Anna Deavere Smith is the actress and playwright most people will recognize as Nancy McNally, the national security advisor on “The West Wing” for six years. After three Los Angeles police officers were acquitted in 1992 in savage beating of Rodney King the year before, and after the riots the acquittals triggered that April, Smith interviewed most of the principals surrounding the Rodney King story, which also includes a retelling of the beating of Reginald Denny, the truck driver (see the video below). Fifty-five people were killed in the riots. Six hundred buildings were destroyed.
Smith then transformed the experience into a one-woman show–a play where she gives voice to 37 people connected one way or another to the Rodney King riots: Ted Briseno, one of the police officers accused of beating Rodney King, Shelby Coffey, the editor of the Los Angeles Times at the time, Daryl Gates, the police chief, Cornel West, the Princeton University professor and activist, Reginald Denny, Maxine Waters, the congresswoman, “Maria,” who was juror No. 7 in the Rodney King trial. Rodnety King himself is never heard from. The play was called “Tilight: Los Angeles 1992,” and was nominated for two Tony Awards in 1994.
Anna Deavere Smith, who started in the show, “is the ultimate impressionist,” David Richards wrote in a 1994 Times review. “She does people’s souls.” He went on: “Ms. Smith backs off from no one, even if it means assuming the majesty of the mezzo-soprano Jessye Norman and the oratorical pomp of Senator Bill Bradley, delivering some of her monologues in Korean and Spanish or plunging into the frazzled minds of inarticulate street people who desperately want to be heard. Yet in so much diversity, there is unity. Their perspectives may be wildly different, but all these people in their fashion are struggling to put sense into senselessness and find the justice in what looks like injustice run rabid. By the end, the piece has transcended specifics and become an expression of the eternal search for order in an anarchic world.”
The script director John Sbordine is using for the City Repertory Theatre production will feature at least five actors, and could have up to seven. Plus a dance component.
Here’s Cornel West’s character, for example (the voices are all rendered like verse in the play’s text)
For Black folks our loss
is the loss of the feeling that we
can be whole
in a society that spends so much
time de-humanizing us
The sheer joy of being human
has been truncated
We’ve created certain spaces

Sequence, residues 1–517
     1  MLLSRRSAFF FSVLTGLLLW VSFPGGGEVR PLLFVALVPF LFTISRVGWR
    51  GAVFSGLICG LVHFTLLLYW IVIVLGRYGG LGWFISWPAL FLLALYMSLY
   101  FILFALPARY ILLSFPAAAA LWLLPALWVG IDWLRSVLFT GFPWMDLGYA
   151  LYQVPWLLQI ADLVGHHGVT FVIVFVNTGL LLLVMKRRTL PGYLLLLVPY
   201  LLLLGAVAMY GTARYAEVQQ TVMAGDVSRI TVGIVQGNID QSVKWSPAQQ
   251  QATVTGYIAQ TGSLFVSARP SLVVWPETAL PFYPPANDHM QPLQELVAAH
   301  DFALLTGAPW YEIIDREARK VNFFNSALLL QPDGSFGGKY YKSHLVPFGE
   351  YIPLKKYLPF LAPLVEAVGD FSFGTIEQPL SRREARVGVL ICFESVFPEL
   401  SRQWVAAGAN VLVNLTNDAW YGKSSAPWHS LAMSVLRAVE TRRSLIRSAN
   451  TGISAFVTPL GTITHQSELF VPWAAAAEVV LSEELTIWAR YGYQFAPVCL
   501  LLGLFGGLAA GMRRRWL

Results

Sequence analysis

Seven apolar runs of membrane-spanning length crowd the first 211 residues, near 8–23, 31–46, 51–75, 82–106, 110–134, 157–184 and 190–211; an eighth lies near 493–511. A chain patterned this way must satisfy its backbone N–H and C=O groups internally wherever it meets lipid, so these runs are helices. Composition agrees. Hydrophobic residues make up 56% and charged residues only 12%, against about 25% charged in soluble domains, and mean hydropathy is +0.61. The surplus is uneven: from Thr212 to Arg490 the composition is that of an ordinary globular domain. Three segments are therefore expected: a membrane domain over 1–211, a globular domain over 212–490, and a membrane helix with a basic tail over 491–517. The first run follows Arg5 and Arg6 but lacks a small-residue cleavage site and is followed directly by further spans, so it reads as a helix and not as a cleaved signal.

where we can take off the mask
and be ourselves.
but they are very circumscribed, and
in the end they are still haunted
by the ghost of white supremacy.
(That was less than 15 years before the election of Barack Obama.) Or Daryl Gates, the police chief, who tries to justify why he was at a fund-raiser while Los Angeles burned:
First of all I don’t think it was a fund raiser.
I don’t think it was a fund raiser at all.
It was a group of
who were in opposition
to proposition F
We’re talking about long-term support.
We’re talking about people who
came out and supported me right from the beginning
of of this controversy.
When people were trying to get me to retire and everything else.
Real strong supporters
of of mine
And they begged me to be there.
And I said I would and this is before we knew the the
uh verdicts were coming in
and I didn’t wanna go.
Naturally, Anna Deavere Smith’s “Twilight” comes to mind with news of the death, untimely it must be said, of Rodney King on June 17 in Los Angeles. He was 47.
The Los Angeles Times featured him in April, to mark the 20th anniversary of the riots. “In 21 years, his name has appeared in the Los Angeles Times on more than 7,000 occasions. Sometimes it’s as himself, Rodney King, the victim of now-fabled LAPD abuse the world got to see, the plaintiff in a civil lawsuit, the hapless guy getting stopped yet again on some speeding or DUI beef, the man on the celebrity rehab show. And sometimes it’s as “Rodney King,” the accidental symbol and the rallying cry on police abuse issues. Some of the biggest institutions in Southern California — the Los Angeles Police Department, the city itself — were changed because of the beating King took in 1991 and the beating the city took in 1992 in the riots that followed the acquittal of the officers charged in his beating. Has the man himself changed?”
One of the questions asked Rodney King in that interview: “Your name is recognized around the country. Some people think it symbolizes a ne’er-do-well. Some people think of it as a civil rights rallying cry. Are you up for that role?”
King’s answer: “You don’t want to let anybody’s expectations down. People look at me like I should have been like Malcolm X or Martin Luther King or Rosa Parks. I should have seen life like that and stay out of trouble, and don’t do this and don’t do that. But it’s hard to live up to some people’s expectations, which [I] wasn’t cut out to be. I didn’t go to school to be “Rodney King” and [be] beat up by cops and thrust into the limelight. It’s taken years to get used to the situation I’m in in life and the weight it holds. One of the cops in the jail [in a later encounter] said: You know what? People are going to know who you are when you’re dead and gone. A hundred years from now, people still going to be talking about you. It’s scary, but at the same time it’s a blessing.”
The Rodney King Beating
The Reginald Denny Beating, Retold:
Rodney King reflects: